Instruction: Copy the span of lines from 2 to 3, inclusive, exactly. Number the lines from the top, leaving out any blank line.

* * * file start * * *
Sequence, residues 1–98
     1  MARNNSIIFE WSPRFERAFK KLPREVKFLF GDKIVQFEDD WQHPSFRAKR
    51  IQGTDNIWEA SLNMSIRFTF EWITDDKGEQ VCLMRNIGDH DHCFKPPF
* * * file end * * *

     1  MARNNSIIFE WSPRFERAFK KLPREVKFLF GDKIVQFEDD WQHPSFRAKR
    51  IQGTDNIWEA SLNMSIRFTF EWITDDKGEQ VCLMRNIGDH DHCFKPPF